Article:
Facebook and Google Have Happy Workers. It Might Be Helping Their Stocks.

    Do happy workers make for better stock returns? According to a note published Thursday by quantitative analysts at Bank of America Merrill Lynch, there appears to be a correlation between employee satisfaction and stock returns. It is home to some tech giants, including (GOOGL) (ticker: GOOGL), (FB) (FB), and (NFLX)(NFLX), media firms like (DIS) (DIS), and telecom companies (T) (T), (CHTR) (CHTR), and (VZ) (VZ).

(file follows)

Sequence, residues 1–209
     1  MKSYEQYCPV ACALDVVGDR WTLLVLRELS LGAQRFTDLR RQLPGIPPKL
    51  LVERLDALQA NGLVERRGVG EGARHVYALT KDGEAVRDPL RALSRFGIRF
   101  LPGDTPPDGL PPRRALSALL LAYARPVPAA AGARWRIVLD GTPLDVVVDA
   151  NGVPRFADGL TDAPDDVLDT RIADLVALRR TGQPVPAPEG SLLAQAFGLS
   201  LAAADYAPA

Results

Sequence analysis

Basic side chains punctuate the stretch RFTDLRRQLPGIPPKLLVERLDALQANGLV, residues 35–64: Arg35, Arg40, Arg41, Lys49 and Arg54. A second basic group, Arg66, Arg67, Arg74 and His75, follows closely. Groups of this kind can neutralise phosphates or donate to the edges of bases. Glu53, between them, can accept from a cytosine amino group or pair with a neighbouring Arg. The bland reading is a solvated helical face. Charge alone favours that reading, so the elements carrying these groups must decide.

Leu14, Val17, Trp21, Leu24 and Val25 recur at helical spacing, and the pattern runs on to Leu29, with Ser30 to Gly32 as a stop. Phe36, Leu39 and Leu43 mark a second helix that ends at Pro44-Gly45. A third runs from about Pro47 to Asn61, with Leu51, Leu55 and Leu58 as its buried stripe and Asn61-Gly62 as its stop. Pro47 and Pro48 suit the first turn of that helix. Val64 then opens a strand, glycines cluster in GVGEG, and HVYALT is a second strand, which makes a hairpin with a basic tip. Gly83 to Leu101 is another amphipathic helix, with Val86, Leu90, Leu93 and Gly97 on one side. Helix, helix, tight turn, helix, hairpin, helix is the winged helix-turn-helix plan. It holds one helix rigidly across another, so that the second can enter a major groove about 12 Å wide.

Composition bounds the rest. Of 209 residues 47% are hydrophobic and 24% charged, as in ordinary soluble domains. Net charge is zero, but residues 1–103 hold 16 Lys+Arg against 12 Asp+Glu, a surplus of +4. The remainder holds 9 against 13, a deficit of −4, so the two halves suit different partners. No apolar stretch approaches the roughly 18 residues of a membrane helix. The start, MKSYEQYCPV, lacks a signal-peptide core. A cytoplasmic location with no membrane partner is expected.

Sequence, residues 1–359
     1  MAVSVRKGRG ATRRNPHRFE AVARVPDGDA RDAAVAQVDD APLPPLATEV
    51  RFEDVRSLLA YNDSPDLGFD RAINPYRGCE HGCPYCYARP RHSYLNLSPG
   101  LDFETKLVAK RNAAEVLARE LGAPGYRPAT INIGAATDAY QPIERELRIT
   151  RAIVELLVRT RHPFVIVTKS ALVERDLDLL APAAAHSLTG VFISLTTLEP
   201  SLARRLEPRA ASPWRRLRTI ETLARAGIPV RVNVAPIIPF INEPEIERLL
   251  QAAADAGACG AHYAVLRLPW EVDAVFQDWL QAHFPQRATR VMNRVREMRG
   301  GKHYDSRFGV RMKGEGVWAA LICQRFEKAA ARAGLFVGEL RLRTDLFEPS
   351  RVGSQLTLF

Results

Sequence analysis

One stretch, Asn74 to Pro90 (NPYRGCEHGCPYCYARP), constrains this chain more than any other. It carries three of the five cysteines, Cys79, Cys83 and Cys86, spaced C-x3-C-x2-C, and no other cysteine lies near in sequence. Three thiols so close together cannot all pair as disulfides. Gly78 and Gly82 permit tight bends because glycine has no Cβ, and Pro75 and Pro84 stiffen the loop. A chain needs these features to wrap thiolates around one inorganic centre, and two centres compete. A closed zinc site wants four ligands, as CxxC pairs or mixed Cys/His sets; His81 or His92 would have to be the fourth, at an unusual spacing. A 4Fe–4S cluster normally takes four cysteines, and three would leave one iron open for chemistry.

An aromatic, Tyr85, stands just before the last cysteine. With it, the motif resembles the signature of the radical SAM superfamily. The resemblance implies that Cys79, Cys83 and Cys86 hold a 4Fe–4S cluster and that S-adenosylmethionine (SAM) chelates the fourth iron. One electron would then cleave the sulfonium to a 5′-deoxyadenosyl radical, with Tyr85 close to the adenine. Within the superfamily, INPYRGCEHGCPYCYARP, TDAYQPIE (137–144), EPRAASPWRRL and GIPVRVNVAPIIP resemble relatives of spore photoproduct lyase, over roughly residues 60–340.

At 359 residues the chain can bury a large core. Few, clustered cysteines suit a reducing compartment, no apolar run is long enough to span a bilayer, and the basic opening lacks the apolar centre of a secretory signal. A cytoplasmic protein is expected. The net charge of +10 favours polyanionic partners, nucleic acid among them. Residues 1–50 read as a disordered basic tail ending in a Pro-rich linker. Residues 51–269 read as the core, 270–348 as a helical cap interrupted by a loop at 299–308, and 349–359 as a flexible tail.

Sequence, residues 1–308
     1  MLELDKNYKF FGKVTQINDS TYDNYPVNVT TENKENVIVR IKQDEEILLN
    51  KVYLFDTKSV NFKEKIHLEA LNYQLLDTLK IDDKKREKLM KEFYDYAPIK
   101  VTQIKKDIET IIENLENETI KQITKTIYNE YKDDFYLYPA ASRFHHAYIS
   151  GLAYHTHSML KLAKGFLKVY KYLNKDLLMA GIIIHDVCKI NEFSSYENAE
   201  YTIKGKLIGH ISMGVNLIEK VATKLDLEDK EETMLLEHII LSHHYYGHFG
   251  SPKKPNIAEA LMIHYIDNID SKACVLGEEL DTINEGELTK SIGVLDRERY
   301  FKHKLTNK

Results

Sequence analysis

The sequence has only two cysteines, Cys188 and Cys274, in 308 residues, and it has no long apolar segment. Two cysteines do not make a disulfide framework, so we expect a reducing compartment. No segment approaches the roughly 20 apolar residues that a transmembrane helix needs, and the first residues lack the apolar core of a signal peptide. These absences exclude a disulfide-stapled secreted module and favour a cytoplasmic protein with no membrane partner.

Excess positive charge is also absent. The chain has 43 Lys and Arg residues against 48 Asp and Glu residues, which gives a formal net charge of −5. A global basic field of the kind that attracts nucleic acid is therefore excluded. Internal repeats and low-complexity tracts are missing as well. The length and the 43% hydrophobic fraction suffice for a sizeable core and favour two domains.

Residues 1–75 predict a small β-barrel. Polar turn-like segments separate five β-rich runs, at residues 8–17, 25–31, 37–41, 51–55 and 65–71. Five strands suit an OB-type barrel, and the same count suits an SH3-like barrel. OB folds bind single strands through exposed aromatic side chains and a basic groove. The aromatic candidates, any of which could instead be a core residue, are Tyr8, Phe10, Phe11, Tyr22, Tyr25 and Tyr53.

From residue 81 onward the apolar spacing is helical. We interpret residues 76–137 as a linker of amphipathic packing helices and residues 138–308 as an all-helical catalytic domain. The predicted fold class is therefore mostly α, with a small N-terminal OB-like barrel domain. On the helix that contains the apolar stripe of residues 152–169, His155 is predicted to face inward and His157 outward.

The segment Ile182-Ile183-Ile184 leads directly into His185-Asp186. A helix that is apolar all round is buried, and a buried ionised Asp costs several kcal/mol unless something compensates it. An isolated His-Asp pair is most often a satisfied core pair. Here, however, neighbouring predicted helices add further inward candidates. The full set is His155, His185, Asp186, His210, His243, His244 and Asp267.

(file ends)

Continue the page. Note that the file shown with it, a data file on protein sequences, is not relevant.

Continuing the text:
• Huawei Debt Bulls Scoff at Trump Attacks
    Bloomberg

    Huawei Debt Bulls Scoff at Trump Attacks